Avoiding human-bear conflicts
The first rule of camping is, “don’t feed the animals.” The second rule of camping is, “DON’T FEED THE ANIMALS!” Don’t feed any of them. Don’t feed the birds, the squirrels, and do not, under any circumstances, feed the bears. To avoid accidentally feeding the animals, Outdoors Geek is giving away bear canisters September 9-11, to store food so the animals can’t help themselves after you go to bed.
Awareness is your best defense against bears
It’s called bear country for a reason. There are bears. There are also cougars and snakes. Then, of course, you have the less dangerous wildlife like bison, moose, and deer. To check out the good guys, you need to be aware of the bad guys and know how to avoid an up close and personal encounter.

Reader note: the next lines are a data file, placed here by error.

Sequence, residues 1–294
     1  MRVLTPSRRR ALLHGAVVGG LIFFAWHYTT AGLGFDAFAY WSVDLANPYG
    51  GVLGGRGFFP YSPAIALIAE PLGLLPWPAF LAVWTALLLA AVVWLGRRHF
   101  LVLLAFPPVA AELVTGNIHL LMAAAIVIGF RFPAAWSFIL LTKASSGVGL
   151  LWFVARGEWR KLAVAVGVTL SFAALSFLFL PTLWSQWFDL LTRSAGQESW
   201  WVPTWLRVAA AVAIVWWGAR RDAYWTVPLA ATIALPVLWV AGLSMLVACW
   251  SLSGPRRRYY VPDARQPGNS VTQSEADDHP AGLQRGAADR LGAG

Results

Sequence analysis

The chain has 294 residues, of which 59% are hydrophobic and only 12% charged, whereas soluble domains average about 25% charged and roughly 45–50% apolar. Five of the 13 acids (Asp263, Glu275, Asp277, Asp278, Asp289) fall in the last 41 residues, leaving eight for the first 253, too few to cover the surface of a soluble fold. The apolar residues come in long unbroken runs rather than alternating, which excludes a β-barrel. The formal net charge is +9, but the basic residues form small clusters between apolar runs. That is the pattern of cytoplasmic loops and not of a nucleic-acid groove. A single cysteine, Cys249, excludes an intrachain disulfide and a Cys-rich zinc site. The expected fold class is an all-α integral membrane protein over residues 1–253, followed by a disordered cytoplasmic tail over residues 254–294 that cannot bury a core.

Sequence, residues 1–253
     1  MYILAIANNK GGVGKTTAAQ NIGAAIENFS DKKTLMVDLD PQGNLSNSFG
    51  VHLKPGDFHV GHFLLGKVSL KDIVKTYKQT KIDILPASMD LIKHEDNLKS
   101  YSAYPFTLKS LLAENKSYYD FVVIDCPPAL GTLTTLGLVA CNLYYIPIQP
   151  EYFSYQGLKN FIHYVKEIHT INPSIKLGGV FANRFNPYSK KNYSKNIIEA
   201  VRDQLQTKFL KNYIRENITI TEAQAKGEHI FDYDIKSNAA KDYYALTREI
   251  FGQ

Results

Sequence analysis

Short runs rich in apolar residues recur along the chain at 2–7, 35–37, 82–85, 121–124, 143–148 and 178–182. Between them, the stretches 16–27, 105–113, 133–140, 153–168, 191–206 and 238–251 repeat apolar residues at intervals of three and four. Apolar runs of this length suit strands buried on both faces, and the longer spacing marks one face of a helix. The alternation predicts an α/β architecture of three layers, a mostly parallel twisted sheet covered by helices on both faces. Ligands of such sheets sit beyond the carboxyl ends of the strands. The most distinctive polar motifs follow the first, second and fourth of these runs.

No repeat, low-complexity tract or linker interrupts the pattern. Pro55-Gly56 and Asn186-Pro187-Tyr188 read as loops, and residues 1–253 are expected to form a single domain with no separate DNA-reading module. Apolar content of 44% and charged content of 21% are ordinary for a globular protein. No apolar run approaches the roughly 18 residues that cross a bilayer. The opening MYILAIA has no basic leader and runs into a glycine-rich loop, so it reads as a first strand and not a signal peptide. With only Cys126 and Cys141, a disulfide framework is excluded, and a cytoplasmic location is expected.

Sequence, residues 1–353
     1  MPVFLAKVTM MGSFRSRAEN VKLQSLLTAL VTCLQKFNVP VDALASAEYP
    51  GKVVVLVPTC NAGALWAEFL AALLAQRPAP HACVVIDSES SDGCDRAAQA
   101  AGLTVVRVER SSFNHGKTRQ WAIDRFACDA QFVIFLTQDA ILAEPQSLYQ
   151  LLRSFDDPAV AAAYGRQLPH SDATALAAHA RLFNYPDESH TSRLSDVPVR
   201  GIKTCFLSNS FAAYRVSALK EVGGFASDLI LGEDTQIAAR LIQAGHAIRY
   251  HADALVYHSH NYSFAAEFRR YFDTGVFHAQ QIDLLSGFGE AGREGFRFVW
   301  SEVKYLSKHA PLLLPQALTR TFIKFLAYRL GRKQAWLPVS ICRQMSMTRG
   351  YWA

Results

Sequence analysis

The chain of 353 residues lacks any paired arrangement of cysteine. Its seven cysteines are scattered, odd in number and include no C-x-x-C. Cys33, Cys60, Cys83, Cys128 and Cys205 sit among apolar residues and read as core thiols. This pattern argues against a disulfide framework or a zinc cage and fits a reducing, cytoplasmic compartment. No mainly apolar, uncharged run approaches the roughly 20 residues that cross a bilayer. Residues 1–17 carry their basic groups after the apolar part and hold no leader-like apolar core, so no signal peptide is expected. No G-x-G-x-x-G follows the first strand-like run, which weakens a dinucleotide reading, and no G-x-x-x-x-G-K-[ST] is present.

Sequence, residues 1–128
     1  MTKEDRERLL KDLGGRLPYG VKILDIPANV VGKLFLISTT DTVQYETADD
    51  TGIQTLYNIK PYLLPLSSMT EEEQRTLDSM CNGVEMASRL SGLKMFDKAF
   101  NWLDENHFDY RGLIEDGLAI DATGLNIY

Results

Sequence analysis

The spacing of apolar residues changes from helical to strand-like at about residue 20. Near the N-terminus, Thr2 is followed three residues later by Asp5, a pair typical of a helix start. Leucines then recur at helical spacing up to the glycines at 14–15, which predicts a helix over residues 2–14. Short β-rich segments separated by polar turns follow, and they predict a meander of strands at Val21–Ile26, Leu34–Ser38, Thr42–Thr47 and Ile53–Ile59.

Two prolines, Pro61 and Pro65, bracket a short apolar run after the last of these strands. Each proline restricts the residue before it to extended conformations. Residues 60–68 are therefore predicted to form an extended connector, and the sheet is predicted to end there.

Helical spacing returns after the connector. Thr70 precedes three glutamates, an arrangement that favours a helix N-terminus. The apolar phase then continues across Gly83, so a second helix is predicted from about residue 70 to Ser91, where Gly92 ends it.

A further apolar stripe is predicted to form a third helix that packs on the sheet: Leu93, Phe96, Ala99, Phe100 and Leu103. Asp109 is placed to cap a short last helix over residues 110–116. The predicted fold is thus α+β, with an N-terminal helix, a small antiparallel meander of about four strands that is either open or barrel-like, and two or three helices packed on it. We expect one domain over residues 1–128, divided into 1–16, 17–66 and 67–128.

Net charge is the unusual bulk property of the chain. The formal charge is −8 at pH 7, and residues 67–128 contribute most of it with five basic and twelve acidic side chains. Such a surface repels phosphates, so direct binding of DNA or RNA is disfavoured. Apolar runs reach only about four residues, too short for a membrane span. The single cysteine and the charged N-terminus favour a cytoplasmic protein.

While you are at the campground, make sure all of your food is properly stored in a bear canister. Seeing a bear is pretty cool, but you want it off in the distance, using your binoculars or telephoto lens to capture the sight. You don’t want to wake up to the sounds of a bear digging through your food in the middle of the night as you clamor to your tentmate like it was the Blair Witch Project.
Let your presence be known
Now that you are aware that bears are out there and you’ve secured your food at camp, it’s time to take precaution as you hike out in the wild. Make sure that the bears and the other wildlife are also aware of you. The most common causes of attacks while hiking is not making enough noise and surprising the animal.
Making your presence known may also alert some of the friendlier creatures and scare them off, but it’s better to miss out on a few deer than to face off with a bear.
Tents and bear canisters
Rent, buy or try premium tents and gear – like a bear canister – for camping and hiking in Bear Country, Colorado.